What’s in Your Ring? is an EN series sponsored by Attwood Equestrian Surfaces in which riders share their favorite jumping exercises. It’s easy to get stuck in a training rut, and we hope this will inspire you with fresh ideas that you can take home and incorporate into your own programs.
This week’s edition comes from Courtney Cooper of C Square Farm in Nottingham, Pa. Courtney made her four-star debut at Rolex 2016 aboard her homebred Irish Sport Horse Who’s a Star, who kindly demonstrates today’s featured exercise in the video below. Courtney is off to a super start in 2017, with one blue ribbon already procured at Stable View Aiken Opener H.T., and we wish her continued success this year!
To start off our jump lesson with what we have in our ring, we have four cavellettis set on an arc of a circle about 10′ from the middle of each and we warm up the horses by bouncing them through and asking them to get round over their backs. Ideally you are looking for the horse to be almost too round so they round up over their backs; also the riders should be up out of the saddle and keeping their bodies poised and out of the saddle.
After warming up over the cavellettis we have a vertical and an oxer set parallel to the long side of the arena. We start by going over the vertical with a long straight approach making sure we land straight and then bend through the turn. When jumping the vertical you want to make sure to turn only your head and not twist your body to give the horse the sense of the new direction
Once the vertical is going smoothly we add the oxer and go off the left lead to the vertical then off the right lead to the oxer and then a full left circle back to the oxer and then we go right back to the vertical. This helps set the stage for smooth turns, and both horse and rider staying straight. At this point in the year we want very good equitation and long approaches to work on straightness and consistency.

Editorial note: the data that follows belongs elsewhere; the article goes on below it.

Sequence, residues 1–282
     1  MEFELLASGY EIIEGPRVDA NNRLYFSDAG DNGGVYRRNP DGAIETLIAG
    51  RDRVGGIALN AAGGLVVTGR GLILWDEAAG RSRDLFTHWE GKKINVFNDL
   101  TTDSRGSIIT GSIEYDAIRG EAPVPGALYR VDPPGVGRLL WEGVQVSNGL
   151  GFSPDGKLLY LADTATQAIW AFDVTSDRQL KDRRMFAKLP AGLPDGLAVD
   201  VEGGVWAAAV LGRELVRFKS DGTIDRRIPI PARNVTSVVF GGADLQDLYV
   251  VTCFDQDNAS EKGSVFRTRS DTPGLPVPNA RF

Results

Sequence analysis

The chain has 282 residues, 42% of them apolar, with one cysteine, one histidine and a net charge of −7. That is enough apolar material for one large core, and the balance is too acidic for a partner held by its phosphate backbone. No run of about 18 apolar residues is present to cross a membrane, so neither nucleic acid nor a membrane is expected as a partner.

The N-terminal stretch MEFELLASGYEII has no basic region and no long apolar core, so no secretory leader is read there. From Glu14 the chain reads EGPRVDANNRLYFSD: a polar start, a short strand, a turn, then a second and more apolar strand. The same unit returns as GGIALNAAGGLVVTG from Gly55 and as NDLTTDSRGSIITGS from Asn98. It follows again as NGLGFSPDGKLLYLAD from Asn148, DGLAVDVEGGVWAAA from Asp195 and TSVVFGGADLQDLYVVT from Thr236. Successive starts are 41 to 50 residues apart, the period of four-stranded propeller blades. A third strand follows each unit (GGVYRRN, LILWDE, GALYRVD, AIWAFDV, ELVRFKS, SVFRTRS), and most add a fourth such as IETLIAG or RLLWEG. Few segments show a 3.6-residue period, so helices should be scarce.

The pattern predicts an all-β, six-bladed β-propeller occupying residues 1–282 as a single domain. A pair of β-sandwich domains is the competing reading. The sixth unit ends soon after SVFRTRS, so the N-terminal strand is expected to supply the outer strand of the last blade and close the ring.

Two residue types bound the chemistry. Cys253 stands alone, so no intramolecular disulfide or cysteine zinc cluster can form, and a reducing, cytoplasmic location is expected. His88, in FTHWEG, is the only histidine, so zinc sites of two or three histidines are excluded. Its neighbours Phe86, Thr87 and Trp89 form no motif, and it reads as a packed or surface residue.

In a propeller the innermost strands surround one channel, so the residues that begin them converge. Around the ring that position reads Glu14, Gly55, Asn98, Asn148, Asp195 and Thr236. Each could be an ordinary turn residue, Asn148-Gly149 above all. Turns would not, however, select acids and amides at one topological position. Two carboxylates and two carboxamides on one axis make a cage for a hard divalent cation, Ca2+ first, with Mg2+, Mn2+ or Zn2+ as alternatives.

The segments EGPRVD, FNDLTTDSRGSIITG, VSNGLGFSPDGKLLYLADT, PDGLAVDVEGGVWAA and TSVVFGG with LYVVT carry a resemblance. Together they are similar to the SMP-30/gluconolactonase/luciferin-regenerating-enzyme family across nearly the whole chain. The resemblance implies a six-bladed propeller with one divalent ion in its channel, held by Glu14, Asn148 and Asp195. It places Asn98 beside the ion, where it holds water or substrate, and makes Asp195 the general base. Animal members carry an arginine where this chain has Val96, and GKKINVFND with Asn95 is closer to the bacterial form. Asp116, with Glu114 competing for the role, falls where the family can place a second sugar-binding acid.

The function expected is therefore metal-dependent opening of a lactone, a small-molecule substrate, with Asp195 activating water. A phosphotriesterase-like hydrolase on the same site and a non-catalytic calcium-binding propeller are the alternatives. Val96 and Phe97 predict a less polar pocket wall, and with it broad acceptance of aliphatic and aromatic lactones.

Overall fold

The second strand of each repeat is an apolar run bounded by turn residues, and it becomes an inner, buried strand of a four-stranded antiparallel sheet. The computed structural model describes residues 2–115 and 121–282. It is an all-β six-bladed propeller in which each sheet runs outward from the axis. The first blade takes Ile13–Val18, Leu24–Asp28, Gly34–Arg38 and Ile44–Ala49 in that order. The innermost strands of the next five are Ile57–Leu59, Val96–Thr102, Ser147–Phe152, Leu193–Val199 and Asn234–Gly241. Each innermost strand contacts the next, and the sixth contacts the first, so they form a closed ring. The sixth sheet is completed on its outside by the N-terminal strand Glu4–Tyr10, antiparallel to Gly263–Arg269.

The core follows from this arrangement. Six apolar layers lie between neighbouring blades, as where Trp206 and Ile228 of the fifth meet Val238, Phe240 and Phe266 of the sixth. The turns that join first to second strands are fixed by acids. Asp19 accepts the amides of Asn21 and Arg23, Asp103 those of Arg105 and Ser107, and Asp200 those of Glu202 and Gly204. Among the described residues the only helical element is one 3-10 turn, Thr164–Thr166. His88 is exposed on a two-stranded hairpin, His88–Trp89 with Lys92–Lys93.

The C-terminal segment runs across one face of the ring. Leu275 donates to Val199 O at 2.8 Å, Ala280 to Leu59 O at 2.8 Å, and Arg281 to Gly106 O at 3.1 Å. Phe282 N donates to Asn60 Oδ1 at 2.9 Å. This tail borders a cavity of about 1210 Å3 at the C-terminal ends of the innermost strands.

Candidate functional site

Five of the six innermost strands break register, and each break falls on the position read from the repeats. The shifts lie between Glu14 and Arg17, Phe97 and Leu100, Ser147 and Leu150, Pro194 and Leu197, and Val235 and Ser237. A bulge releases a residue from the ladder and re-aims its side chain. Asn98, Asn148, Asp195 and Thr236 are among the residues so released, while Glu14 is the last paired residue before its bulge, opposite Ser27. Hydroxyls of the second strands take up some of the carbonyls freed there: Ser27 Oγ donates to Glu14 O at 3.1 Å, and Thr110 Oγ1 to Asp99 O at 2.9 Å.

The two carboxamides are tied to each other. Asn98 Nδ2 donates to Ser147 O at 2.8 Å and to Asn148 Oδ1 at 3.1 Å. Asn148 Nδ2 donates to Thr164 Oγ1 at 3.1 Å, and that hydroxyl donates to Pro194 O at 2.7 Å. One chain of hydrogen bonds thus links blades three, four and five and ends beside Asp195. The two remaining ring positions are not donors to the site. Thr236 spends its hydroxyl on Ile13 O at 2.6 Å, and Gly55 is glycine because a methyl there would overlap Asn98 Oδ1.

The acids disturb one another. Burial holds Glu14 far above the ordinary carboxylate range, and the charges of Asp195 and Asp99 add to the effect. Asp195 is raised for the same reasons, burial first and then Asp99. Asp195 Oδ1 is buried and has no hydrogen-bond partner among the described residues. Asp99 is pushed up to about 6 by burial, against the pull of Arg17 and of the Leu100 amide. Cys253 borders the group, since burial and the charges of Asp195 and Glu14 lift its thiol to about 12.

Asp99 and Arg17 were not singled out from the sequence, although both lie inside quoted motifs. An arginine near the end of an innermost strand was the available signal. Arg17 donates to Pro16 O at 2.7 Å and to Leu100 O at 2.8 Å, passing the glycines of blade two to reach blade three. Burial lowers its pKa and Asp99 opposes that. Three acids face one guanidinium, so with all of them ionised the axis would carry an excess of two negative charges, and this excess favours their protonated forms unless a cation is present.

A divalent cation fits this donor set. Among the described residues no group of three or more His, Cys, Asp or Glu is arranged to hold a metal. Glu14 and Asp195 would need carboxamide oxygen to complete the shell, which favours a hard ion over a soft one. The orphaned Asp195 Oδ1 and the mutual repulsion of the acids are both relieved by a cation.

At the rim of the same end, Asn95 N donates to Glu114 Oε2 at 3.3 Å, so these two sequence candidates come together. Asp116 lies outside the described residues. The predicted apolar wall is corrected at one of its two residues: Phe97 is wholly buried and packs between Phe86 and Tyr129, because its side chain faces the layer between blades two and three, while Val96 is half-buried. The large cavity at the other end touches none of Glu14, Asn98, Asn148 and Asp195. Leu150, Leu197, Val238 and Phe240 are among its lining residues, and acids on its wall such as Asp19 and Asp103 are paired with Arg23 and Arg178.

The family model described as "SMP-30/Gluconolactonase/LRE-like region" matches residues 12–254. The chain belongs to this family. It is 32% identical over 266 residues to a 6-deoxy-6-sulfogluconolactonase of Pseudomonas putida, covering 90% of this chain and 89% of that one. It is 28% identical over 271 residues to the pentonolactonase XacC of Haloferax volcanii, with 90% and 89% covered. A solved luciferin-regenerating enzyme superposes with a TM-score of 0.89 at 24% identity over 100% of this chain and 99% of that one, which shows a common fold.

After horse and rider are warmed up we will put together a simple course with five fences strung together to work on continuing the bending and straightness.
Starting off the left lead to the vertical turn right to the oxer, land right and go down the diagonal to the vertical after the in and out and then turn back left to the vertical to vertical in and out. The idea is to practice what we have warmed up doing, straightness, good position and continuing a quality canter through the turns.
Once we feel that course is good, we will finish with a more difficult course with different turns: the vertical headed back the other way off the left lead and then turn right and jump the vertical landing between the in and out, then the rider will continue to a vertical with a bending six strides to the in and out. The first bending line allows them to start to judge their horse’s canter and what kind of jump they jumped in on to determine how far out they want to bend or if they want to bring the line back straighter after landing.
After the in and out they will flow around to the right and then jump a new vertical and do a 90 degree turn, using the outside aids to bend the horse around to the original pink vertical — again they will have the option based on how they jump in and the quality of the canter to determine exactly where to make the turn and then they will land going to the left and make a 180 degree turn back to the oxer. All the while I look for straightness through the rider’s position, appropriate bend through the horse’s body and a good quality canter.
With more educated riders I expect them to start landing on the leads of the turns by looking in the new direction and opening the inside rein without letting the haunches swing out.
We have found this to be a very beneficial exercise to the start of the season for both young and old horses and riders.
Courtney demonstrating the exercise on Who’s a Star:
Many thanks to Courtney for sharing! Do you have an exercise to share or is there an eventer you would like to nominate for the “What’s in Your Ring?” series? Email [email protected].
Good Footing – Attwood Equestrian Surfaces from Bold Horse Media on Vimeo.